Archive for November 19th, 2012

Free Open Internet? The Battle against SOPA, DMCA, ACTA and PIPA   no comments

Posted at 10:36 am in Uncategorized

This week I have been researching around the current topic of political hacking movements regarding the, recently introduced, government legislation on the web. The political movements have been ‘clubbing together’ to battle the right to a free and open internet. This appears to be something that governmental bodies and political parties are worried about, but however does not seem to stop the hackers themselves crashing, changing or damaging government websites. Furthermore, it seems that word-of-mouth through social sites is something that is a huge battle for governmental bodies to win. If the voice of the ‘everyman’ were to get censored then this would indeed question the level of democracy in our country.

A recent film, found here, inspired me to review this topic in my interdisciplinary study, as it is a current topic that will effect all internet users across the world, and indeed leads me to question whether the grouping together of hackers and hacktivists worldwide will make any difference in the political and legal legislation that has been put forward. I will be following this film over the next few months and hopefully will be able to view the finished film early next year.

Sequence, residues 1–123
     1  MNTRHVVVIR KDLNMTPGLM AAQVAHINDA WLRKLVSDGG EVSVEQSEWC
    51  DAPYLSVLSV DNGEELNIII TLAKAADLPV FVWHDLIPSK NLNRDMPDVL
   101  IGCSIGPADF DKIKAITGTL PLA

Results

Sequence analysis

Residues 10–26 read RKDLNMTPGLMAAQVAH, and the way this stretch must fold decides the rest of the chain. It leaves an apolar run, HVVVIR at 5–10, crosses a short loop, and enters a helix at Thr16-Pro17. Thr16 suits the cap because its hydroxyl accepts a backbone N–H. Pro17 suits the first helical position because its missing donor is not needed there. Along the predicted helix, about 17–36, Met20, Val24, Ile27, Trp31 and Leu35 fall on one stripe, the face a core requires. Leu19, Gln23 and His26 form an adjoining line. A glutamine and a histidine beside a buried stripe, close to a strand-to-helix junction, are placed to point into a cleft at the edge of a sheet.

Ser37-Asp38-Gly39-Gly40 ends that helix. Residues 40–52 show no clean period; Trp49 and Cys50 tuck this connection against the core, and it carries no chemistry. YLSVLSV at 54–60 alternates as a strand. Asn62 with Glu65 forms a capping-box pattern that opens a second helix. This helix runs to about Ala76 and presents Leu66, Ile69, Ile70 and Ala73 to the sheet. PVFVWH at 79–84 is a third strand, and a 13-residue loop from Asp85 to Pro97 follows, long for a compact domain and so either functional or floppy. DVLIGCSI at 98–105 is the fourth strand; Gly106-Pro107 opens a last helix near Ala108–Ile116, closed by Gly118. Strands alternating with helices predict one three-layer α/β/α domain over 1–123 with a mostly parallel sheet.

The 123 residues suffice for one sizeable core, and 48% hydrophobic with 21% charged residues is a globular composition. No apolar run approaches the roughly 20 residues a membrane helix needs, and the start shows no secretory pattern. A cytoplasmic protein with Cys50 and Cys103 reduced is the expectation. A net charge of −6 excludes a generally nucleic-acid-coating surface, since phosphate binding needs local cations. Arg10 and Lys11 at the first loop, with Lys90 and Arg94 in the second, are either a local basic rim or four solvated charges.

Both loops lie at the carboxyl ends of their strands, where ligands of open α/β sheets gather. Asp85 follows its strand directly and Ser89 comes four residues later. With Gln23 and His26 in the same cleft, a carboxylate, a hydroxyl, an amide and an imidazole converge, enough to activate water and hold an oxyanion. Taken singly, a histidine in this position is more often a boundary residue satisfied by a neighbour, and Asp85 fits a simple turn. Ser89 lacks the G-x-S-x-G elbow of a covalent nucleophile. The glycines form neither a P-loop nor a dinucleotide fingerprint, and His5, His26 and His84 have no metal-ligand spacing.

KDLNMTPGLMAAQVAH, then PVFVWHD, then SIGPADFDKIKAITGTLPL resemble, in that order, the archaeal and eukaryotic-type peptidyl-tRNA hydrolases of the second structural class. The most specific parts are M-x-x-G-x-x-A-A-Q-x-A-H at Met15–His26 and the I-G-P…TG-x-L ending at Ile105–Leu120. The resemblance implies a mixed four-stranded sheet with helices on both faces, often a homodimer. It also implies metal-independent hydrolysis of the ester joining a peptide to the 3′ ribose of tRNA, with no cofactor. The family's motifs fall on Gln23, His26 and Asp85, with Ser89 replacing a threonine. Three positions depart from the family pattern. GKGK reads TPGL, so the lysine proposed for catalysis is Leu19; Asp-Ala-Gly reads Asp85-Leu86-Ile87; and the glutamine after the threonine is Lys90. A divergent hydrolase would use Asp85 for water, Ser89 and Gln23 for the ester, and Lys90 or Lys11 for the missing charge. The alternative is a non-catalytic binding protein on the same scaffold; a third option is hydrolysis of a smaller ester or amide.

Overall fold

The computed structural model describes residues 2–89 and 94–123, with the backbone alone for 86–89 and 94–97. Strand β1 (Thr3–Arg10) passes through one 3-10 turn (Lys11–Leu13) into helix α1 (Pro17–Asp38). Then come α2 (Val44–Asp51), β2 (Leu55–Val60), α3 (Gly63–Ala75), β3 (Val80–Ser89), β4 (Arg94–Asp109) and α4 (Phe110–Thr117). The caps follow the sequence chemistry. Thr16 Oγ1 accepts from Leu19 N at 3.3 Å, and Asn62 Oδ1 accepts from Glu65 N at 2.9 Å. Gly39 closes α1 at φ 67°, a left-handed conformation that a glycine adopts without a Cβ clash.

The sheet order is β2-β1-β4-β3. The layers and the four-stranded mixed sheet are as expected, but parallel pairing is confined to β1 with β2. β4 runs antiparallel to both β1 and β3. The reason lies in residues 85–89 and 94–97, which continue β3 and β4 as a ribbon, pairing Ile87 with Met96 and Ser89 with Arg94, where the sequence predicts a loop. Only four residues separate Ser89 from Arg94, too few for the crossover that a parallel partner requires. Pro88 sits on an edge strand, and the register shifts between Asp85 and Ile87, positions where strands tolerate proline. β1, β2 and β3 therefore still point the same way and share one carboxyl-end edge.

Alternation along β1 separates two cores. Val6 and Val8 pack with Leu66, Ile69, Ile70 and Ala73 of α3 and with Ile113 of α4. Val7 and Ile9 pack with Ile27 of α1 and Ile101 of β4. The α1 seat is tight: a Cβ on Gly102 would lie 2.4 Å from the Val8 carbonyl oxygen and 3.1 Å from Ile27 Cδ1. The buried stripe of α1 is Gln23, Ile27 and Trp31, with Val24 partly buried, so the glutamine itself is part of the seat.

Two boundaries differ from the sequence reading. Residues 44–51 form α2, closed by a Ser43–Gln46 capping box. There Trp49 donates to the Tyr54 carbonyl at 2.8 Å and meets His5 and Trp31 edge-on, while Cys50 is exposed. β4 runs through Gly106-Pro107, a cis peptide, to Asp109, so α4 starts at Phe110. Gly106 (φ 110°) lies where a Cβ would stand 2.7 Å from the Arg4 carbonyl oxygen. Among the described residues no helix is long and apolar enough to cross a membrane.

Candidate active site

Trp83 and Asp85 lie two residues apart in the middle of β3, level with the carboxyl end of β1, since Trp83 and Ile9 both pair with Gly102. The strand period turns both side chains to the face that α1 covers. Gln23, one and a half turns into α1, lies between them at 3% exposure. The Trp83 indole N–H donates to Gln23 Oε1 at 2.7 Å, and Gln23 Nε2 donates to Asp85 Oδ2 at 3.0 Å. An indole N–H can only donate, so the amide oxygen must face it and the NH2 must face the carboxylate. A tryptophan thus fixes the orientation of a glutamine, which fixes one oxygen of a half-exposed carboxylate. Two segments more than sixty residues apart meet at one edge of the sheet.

I have found it reasonably difficult to find books regarding the SOPA, ACTA and PIPA legislation, as Google and Yahoo appear to be restricting a lot of the content due to these acts (perhaps a minor dictatorship in itself). So far, it has only been possible to find a few books regarding these topics that are not backed by governmental or political bodies and/or are not legislative papers. Also, I believe that books of this nature would indeed be ‘content-controlled’, and so not the full opinion of the author.

However, I did a deeper search and found a book that recognises criticisms of the government-led legislative policies. The book notes that although these policies have been implemented over the past few years worldwide, they are not being enforced in developing countries (Ayoob, 2010). This enables us to question the power of such acts in relation to political state powers of certain countries and furthermore why such countries are being ‘allowed leniency’. Furthermore, acts such as the DMCA have been potentially provided to allow ‘content creators’ to charge for the use of such content on third party sites, potentially damaging and restricting the content on the likes of ‘free’ or non-profit sites such as Wikipedia.

With the Arab Spring appearing towards the end of 2010, many political hacker groups have started to ascend to contribute to state security and governmental systems. These hackers are collaborating with european and american hackers in a fight for digital democracy. The aforementioned film collaborates with these hackers in an appeal to stand-up against political dictatorships and restricting legislative bodies.

In my next post I hope to research the arab spring and hacking in relation to moral philosophy and whether these legislative acts are in motion to restore ‘fairness’ to content creators or whether this is simply an act of restricting freedom of information over the internet.

Ayoob, E. (2010). Recent Development: The Anti-Counterfeiting Trade Agreement. In The Cardozo Arts and Entertainment. LJ.


Written by Gareth Beeston on November 19th, 2012